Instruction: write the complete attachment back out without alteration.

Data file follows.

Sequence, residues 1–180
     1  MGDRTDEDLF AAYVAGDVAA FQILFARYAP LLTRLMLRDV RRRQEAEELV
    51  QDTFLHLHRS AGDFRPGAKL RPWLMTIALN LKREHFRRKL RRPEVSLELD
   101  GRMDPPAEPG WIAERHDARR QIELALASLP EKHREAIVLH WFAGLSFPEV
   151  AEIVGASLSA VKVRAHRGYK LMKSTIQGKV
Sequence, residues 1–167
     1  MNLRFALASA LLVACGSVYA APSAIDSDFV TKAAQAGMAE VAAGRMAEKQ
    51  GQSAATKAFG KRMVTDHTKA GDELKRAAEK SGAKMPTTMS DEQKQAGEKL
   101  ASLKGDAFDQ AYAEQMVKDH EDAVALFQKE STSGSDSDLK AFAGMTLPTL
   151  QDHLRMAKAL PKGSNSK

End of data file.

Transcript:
Sequence, residues 1–180
     1  MGDRTDEDLF AAYVAGDVAA FQILFARYAP LLTRLMLRDV RRRQEAEELV
    51  QDTFLHLHRS AGDFRPGAKL RPWLMTIALN LKREHFRRKL RRPEVSLELD
   101  GRMDPPAEPG WIAERHDARR QIELALASLP EKHREAIVLH WFAGLSFPEV
   151  AEIVGASLSA VKVRAHRGYK LMKSTIQGKV
Sequence, residues 1–167
     1  MNLRFALASA LLVACGSVYA APSAIDSDFV TKAAQAGMAE VAAGRMAEKQ
    51  GQSAATKAFG KRMVTDHTKA GDELKRAAEK SGAKMPTTMS DEQKQAGEKL
   101  ASLKGDAFDQ AYAEQMVKDH EDAVALFQKE STSGSDSDLK AFAGMTLPTL
   151  QDHLRMAKAL PKGSNSK